Aspen proved it was the best in the Slope all season, but reaffirmed its dominance with a resounding 30-point win over Coal Ridge in Saturday’s district tournament championship at Palisade High School. Andrew Papenfus led the way with 19 points, drilling three 3-pointers. Three others ” Trevor Watson (16), Matthew Holmes (15) and Walker Abrahamovich (14) ” scored in double figures for the Skiers, who led by as many as 40 in the fourth quarter.

They went on to win, 72-42, avenging an earlier loss to the Titans and clinching a second-consecutive district crown.

“It was just unbelievable,” Ketchum said Saturday. “The defense was phenomenal. The kids were incredibly focused and in attack mode all night. … We had so much balance from inside out.”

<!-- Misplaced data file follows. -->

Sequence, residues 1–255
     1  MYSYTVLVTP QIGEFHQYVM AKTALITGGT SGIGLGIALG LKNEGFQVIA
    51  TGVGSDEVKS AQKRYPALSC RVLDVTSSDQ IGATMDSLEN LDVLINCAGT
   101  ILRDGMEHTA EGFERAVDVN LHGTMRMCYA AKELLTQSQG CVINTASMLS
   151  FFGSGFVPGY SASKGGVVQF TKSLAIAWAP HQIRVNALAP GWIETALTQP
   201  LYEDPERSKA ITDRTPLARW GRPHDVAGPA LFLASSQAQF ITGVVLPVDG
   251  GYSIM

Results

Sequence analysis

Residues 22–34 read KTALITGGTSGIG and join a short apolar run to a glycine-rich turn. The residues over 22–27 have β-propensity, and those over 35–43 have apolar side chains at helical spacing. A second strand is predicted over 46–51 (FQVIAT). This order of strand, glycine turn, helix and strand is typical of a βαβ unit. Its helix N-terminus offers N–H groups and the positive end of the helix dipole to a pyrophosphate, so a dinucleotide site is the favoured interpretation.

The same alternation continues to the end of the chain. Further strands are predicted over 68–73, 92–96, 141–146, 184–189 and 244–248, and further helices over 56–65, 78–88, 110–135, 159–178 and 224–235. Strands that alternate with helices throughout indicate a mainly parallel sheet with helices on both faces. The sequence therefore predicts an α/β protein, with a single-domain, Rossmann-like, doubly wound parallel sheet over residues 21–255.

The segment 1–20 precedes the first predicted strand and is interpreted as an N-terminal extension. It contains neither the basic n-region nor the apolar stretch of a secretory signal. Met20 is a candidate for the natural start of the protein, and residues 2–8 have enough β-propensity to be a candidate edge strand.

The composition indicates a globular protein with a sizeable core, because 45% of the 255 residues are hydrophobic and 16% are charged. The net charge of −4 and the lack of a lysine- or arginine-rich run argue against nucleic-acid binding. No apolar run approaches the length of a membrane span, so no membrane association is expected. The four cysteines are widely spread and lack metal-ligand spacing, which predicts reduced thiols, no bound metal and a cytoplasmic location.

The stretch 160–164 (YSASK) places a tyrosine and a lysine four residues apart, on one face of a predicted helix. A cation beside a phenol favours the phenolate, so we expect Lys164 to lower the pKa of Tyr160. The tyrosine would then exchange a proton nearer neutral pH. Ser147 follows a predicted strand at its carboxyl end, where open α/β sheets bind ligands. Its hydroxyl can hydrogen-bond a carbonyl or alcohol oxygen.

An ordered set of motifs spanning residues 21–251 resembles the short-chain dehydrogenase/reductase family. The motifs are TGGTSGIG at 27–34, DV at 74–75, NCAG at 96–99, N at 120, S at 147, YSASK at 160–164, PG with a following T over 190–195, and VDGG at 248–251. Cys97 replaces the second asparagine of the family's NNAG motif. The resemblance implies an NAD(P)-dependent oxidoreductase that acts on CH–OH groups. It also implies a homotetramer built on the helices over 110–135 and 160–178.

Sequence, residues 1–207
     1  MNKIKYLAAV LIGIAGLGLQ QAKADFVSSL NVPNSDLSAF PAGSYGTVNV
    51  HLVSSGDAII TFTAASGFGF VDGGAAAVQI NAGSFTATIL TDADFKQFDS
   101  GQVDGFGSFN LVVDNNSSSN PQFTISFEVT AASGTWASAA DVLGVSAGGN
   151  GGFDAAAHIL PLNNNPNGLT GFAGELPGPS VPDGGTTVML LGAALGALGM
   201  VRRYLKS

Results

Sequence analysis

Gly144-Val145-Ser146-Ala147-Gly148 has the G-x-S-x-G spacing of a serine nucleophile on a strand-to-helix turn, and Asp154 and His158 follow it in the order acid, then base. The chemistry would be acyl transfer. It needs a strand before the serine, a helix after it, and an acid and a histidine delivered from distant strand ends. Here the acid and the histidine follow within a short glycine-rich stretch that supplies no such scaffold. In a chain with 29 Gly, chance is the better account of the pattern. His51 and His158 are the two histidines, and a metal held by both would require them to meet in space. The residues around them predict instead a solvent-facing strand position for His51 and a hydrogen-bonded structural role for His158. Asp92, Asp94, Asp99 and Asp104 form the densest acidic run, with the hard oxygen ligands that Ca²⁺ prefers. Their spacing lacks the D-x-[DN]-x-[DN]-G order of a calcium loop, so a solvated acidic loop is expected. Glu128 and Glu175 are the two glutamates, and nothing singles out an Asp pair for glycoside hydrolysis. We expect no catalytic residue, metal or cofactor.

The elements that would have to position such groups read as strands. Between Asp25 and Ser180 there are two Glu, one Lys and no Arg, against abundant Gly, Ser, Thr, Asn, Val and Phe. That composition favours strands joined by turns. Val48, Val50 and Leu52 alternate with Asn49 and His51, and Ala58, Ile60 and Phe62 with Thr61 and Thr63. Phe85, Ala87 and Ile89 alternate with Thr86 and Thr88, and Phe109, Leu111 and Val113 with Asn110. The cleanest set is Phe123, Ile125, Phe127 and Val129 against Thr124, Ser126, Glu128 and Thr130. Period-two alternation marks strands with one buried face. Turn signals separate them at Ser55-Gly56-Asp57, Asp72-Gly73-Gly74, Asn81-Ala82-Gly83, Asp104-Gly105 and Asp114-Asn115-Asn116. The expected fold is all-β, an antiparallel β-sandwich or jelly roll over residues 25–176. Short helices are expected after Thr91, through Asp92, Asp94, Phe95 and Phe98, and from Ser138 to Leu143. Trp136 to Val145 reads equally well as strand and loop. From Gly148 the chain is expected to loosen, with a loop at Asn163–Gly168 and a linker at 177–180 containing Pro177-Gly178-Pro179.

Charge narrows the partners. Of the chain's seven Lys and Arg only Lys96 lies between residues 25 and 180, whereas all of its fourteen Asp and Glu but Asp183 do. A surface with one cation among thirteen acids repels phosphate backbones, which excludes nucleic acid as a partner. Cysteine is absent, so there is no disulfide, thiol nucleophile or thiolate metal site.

Ketchum hopes that balance makes the Skiers a tough out this weekend ” “We have a lot of guys who can do a lot of damage, and that’s exciting,” he said.

And the coach said his team is not shouldering the burden of high expectations like last year’s squad, which advanced to the state semifinals.

“Last year when we won [districts], it was like ‘[phew], Thank God.’ The expectations were so high that if we didn’t win, it would’ve been a total failure of a season. [3A Mr. Basketball] Cory [Parker] was even quoted as saying that,” Ketchum said. “When this team won Saturday, there was extreme celebration, joy and pride. It was a whole different feeling of accomplishment because it was so unexpected when we started out. … I think the kids are more relaxed.”